Meeting News Coverage

Many patients may have received inappropriate DAPT dose

LOS ANGELES — Approximately 75% of patients receiving dual antiplatelet therapy with a P2Y12 inhibitor are receiving the wrong dose, according to findings in an abstract presented at the American Heart Association Scientific Sessions 2012.

“There’s a sweet spot, an appropriate range for each patient, but we found that not many people are falling into that range,” study researcher Brent Muhlestein, MD, of the Intermountain Medical Center Heart Institute, said in a press release.

Guidelines for the use of platelet-function testing developed by the Intermountain Healthcare department of cardiovascular medicine recommend changing medication dosing or type to reach a target of 100 P2Y12 reaction units (PRUs) to 200 PRUs, as measured by the VerifyNow assay. Muhlestein and colleagues used this platelet-function test to evaluate 521 patients (mean age, 68 years; 66% men) receiving DAPT with clopidogrel (Plavix, Sanofi-Aventis) or prasugrel (Effient, Daiichi Sankyo/Eli Lilly) and determine whether their doses were appropriate for reaching the target PRU range.

Mean PRU levels for those receiving clopidogrel (n=381) were 211.5. Of these patients, 17.3% had PRU levels <100; 25.5% had levels between 100 and 200; and 57.2% had PRU levels of >200, according to the abstract. For patients receiving prasugrel (n=140), mean PRU levels were 107.6. Among these patients, 55.7% had PRU levels <100; 22.9% had PRU levels between 100 and 200; and 21.4% had PRU levels of >200.

These results suggest, according to the abstract, that only about 25% of patients were initially within target range.

“We showed that by performing a simple blood test to see whether or not the blood is clotting properly, we can determine whether patients are getting an appropriate, individualized dose of the medications. The test is easy to perform, but not widely used,” Muhlestein, who presented the data, said.

The researchers also found that baseline variables of age, sex, hypertension, hyperlipidemia, HF, renal failure and prior cardiac history or other nonplatelet-related medications were not predictive of PRU levels.

“That means there’s not an easy way to predict how a person will react to these drugs. But the blood test is very effective,” Muhlestein said.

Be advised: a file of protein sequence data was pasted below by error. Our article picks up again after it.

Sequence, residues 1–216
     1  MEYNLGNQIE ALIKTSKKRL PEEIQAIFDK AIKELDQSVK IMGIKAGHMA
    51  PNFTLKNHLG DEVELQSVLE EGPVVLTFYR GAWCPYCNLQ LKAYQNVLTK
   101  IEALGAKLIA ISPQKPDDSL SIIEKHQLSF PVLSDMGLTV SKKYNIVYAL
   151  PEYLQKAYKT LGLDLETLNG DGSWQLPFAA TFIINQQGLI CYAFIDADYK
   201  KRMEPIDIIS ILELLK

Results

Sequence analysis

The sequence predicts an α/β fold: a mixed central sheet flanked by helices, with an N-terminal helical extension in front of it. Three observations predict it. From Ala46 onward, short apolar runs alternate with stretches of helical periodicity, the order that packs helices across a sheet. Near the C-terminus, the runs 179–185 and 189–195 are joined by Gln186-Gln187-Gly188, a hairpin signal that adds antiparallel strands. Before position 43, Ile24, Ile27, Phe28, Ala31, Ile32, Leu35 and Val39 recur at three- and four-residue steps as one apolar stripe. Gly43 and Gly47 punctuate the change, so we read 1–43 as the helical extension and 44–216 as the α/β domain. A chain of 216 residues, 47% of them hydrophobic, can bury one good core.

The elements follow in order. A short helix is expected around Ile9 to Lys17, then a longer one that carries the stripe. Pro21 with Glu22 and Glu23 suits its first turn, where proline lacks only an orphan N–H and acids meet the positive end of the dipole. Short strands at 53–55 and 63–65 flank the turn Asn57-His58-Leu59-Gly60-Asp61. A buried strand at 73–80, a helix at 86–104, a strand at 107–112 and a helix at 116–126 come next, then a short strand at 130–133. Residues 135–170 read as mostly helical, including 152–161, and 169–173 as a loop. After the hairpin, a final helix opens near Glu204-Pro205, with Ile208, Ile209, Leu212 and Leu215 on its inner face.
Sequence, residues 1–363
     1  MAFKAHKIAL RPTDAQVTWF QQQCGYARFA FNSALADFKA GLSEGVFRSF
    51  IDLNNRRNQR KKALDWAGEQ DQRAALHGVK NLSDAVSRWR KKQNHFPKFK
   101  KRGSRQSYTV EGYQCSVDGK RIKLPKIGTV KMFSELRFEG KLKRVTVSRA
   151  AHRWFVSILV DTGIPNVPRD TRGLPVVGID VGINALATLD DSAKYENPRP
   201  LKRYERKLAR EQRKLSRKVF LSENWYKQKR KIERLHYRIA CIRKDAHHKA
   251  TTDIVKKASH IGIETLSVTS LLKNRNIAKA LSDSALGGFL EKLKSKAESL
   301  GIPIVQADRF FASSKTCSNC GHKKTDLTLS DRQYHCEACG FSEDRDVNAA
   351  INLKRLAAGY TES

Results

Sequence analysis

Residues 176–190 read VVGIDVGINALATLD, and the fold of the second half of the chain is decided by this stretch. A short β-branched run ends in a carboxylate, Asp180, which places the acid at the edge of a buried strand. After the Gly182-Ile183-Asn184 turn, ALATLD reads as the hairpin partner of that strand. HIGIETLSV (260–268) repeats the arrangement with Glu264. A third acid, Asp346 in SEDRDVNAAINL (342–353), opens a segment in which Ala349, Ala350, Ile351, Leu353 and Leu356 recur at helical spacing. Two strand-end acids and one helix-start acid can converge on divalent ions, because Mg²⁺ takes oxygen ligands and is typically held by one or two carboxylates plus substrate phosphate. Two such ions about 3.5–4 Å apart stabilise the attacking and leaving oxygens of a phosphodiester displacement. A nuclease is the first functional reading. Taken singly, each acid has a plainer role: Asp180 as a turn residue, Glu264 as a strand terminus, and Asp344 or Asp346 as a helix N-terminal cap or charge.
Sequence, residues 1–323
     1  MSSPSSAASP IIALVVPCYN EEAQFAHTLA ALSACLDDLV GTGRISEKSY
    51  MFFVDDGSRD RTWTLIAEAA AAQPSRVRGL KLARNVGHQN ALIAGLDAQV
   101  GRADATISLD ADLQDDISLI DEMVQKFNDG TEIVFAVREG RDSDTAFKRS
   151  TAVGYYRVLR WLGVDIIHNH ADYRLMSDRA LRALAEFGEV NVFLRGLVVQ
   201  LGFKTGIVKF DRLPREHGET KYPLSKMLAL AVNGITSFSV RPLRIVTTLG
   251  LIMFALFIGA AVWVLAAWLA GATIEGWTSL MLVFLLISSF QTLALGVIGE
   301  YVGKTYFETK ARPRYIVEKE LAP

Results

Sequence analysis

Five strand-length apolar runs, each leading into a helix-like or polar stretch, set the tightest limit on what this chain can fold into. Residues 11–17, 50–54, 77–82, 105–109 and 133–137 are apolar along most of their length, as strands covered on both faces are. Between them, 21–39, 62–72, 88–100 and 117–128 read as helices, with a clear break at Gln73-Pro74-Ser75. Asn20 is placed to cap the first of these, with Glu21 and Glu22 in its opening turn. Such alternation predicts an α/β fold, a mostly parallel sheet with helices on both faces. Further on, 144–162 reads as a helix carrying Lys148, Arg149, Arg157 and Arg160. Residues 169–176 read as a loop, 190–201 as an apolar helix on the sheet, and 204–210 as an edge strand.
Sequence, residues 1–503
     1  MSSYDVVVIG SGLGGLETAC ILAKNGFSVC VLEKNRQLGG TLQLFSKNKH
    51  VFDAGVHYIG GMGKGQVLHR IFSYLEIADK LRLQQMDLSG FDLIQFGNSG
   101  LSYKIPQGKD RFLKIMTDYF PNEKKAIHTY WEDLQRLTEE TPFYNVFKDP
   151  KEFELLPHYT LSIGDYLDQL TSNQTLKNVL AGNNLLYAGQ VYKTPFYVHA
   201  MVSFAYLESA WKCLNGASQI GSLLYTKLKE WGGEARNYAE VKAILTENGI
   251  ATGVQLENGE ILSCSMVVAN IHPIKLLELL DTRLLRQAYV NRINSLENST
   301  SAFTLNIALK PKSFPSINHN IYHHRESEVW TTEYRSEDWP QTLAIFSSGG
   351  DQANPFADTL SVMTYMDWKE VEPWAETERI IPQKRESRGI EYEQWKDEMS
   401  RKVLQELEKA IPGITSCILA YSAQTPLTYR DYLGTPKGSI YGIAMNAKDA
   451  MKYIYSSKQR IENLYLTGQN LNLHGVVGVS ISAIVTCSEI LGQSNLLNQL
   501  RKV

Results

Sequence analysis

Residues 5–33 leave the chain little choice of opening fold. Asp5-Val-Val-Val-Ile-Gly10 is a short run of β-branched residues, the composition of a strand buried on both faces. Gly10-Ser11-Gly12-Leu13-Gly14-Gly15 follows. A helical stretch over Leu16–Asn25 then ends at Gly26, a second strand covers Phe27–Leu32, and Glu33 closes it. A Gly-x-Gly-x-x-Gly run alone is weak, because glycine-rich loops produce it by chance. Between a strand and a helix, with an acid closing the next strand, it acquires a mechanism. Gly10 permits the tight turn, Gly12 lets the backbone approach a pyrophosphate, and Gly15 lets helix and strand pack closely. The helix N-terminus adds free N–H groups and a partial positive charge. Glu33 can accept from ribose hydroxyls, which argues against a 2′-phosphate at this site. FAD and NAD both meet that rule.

For more information:

Bair TL. Abstract #17054. Presented at: the American Heart Association Scientific Sessions 2012; Nov. 3-7, 2012; Los Angeles.

Disclosure: The researchers report no relevant financial disclosures.

LOS ANGELES — Approximately 75% of patients receiving dual antiplatelet therapy with a P2Y12 inhibitor are receiving the wrong dose, according to findings in an abstract presented at the American Heart Association Scientific Sessions 2012.

“There’s a sweet spot, an appropriate range for each patient, but we found that not many people are falling into that range,” study researcher Brent Muhlestein, MD, of the Intermountain Medical Center Heart Institute, said in a press release.

Guidelines for the use of platelet-function testing developed by the Intermountain Healthcare department of cardiovascular medicine recommend changing medication dosing or type to reach a target of 100 P2Y12 reaction units (PRUs) to 200 PRUs, as measured by the VerifyNow assay. Muhlestein and colleagues used this platelet-function test to evaluate 521 patients (mean age, 68 years; 66% men) receiving DAPT with clopidogrel (Plavix, Sanofi-Aventis) or prasugrel (Effient, Daiichi Sankyo/Eli Lilly) and determine whether their doses were appropriate for reaching the target PRU range.

Mean PRU levels for those receiving clopidogrel (n=381) were 211.5. Of these patients, 17.3% had PRU levels <100; 25.5% had levels between 100 and 200; and 57.2% had PRU levels of >200, according to the abstract. For patients receiving prasugrel (n=140), mean PRU levels were 107.6. Among these patients, 55.7% had PRU levels <100; 22.9% had PRU levels between 100 and 200; and 21.4% had PRU levels of >200.

These results suggest, according to the abstract, that only about 25% of patients were initially within target range.

“We showed that by performing a simple blood test to see whether or not the blood is clotting properly, we can determine whether patients are getting an appropriate, individualized dose of the medications. The test is easy to perform, but not widely used,” Muhlestein, who presented the data, said.

The researchers also found that baseline variables of age, sex, hypertension, hyperlipidemia, HF, renal failure and prior cardiac history or other nonplatelet-related medications were not predictive of PRU levels.

“That means there’s not an easy way to predict how a person will react to these drugs. But the blood test is very effective,” Muhlestein said.

For more information:

Bair TL. Abstract #17054. Presented at: the American Heart Association Scientific Sessions 2012; Nov. 3-7, 2012; Los Angeles.

Disclosure: The researchers report no relevant financial disclosures.

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